Baan Kiriwong (Kiriwong Village) is a magical little place at the foot of the mountain range with the tallest mountain in Southern Thailand, Khao Luang. This village has so much charm that I didn’t even know what to do with it all. As I looked around marveling at everyday things I just sighed and said the word, “wow,” a few times every minute. For some reason, the everyday things in Kiriwong Village are just so much lovelier.  You might know by now that Thailand is appropriately nicknamed the “land of smiles,” and it is my new theory that that nickname actually originated in Kiriwong. The people there are just constantly smiling. Maybe it’s the incredibly clean and fresh air they breath, the robust and beautiful river splitting their adorable village,  the abundance of tropical fruits they can pick out of their own gardens, or there is a chance it could be the fact that their charming village is seemingly being hugged by mountains creating views that you don’t really even find on postcards. I guess any one of those things could be the reason these people can’t stop smiling, or maybe just maybe, they’re all the nicest people ever.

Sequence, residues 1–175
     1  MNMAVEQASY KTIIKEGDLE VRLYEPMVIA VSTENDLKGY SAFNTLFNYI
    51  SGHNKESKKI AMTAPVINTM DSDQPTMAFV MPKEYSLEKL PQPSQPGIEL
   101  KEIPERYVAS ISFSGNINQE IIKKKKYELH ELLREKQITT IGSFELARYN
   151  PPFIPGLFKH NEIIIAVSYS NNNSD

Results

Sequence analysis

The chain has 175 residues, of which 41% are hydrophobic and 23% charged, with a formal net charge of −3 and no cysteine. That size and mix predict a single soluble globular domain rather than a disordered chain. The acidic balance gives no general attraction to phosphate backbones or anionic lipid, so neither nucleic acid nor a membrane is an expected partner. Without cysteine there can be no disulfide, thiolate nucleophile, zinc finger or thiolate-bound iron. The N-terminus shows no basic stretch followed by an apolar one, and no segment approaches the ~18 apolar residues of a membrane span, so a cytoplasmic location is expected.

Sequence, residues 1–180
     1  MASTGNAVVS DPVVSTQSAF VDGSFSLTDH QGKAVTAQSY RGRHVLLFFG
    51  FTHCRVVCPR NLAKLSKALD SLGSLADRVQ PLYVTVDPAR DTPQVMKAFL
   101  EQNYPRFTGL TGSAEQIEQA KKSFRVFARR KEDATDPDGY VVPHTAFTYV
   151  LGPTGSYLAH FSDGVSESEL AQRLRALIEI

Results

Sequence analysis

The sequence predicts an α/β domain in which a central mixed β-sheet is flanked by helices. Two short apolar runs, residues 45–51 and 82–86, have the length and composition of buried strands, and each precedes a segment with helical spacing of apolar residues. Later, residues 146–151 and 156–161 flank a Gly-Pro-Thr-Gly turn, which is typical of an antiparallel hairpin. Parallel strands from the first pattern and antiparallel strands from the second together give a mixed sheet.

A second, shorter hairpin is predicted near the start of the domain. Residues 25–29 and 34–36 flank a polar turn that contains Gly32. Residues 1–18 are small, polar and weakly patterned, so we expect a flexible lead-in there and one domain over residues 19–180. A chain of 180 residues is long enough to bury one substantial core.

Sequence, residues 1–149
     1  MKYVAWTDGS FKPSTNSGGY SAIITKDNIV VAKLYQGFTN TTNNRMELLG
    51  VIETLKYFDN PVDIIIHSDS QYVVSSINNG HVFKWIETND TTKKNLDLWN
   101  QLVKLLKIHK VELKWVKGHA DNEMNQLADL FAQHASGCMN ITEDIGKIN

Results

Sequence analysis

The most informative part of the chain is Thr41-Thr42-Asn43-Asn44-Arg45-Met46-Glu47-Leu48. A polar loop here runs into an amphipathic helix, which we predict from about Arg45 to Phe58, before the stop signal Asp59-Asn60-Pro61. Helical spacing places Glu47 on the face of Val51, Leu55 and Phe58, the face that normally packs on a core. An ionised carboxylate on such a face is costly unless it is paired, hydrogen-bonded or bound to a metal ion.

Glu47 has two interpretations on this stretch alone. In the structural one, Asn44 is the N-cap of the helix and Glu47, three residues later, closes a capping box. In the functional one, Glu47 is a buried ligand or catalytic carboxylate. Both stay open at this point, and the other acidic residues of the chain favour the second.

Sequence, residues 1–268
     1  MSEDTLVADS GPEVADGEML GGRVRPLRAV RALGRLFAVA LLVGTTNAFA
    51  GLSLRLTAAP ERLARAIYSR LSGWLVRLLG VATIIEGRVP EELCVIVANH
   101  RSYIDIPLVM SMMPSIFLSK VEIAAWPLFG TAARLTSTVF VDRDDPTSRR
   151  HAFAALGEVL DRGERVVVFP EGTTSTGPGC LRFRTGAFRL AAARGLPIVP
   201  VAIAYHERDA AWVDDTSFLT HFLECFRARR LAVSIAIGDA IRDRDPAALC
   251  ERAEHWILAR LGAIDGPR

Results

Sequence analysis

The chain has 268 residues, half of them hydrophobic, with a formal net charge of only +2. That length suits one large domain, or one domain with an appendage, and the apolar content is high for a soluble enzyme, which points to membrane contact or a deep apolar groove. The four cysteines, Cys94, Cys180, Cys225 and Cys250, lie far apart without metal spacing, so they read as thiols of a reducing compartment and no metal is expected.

I’m now going to tell you the top 3 things that I’m certain are going to make you all add this quaint village to your travel bucket lists.

  1. They have maintained a really traditional lifestyle in this village. The people of the village make pretty much everything themselves.  To call them crafty is an understatement. Everything you come across has that personal touch of the locals, and that seems to be way they like it. We
    All of the clothes in this shop are handmade, one of a kind, and were dyed with local fruits.

    All of the clothes in this shop are handmade, one of a kind, and were dyed with local fruits.